Gayla Trail

Gayla Trail

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Q: Do you have any suggestions on how to keep caterpillars from eating all my herbs and tomatoes? They have attacked my sage especially.

ANSWER:

I have to admit that I was initially surprised by your question. Not about the tomatoes, as they are a popular food source of tomato hornworm (Manduca quinquemaculata) and Colorado potato beetle (Leptinotarsa decemblineata) larvae. What shocked me is that the greatest damage is to your sage plant(s). Common garden sage has a chemical composition that makes it unpalatable to most garden pests. As a result my sage plants have never suffered insect damage, even when their neighbors are overrun and decimated.

See how to use items from your kitchen to keep squirrels and other pests away.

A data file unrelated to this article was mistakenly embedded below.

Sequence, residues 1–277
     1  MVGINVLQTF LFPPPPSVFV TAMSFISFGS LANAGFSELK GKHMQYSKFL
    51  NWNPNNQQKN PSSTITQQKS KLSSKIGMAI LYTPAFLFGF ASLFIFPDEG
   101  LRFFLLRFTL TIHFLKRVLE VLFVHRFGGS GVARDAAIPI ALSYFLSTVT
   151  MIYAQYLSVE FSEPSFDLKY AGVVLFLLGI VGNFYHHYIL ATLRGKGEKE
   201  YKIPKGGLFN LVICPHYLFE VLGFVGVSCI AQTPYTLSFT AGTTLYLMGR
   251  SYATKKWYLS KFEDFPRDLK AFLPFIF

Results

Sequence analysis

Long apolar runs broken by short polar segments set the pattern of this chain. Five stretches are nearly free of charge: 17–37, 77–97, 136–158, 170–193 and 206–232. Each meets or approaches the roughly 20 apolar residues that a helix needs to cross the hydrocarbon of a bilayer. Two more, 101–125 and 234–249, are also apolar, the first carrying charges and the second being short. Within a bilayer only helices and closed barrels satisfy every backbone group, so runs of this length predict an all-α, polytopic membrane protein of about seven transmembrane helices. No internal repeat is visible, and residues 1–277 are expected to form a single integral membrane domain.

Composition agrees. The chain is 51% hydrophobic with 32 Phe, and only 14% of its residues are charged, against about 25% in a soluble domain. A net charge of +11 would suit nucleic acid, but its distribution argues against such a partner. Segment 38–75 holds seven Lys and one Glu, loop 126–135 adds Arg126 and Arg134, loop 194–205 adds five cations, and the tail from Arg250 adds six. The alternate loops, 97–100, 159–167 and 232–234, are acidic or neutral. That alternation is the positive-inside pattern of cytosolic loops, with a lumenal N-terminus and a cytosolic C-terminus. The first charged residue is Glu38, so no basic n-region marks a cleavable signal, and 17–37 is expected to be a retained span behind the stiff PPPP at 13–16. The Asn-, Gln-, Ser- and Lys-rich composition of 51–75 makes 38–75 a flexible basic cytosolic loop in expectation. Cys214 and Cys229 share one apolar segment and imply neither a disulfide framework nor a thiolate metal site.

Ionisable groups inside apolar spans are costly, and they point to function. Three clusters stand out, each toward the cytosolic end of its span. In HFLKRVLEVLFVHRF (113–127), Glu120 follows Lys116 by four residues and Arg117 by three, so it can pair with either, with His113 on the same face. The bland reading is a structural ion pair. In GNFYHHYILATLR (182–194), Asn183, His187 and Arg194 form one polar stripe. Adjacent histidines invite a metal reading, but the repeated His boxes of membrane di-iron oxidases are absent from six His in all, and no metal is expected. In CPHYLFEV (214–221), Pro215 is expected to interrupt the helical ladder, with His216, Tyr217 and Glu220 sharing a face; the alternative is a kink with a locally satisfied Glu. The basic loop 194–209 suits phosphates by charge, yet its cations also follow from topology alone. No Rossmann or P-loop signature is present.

However, in pondering your dilemma, I recalled reading about caterpillars munching on alkaloid-laden plants that they would not normally touch as a way to self-medicate against parasites. I wonder if that’s what is happening in your garden? Another possibility is that the weather has brought an infestation of a specific insect whose population was so insignificant in the past that its damage went previously undetected. 

Or perhaps an atypical pest has found its way to your garden, one that doesn’t mind the taste of sage. I have also found that slugs and earwigs have run amok in my own garden this year and are chomping on plants that are normally immune, simply because there are so many of them and competition for food is fierce. I liken the garden this year to a popular restaurant that is overbooked — the yummiest treats at the buffet table are dwindling. It’s hard out there for a pest!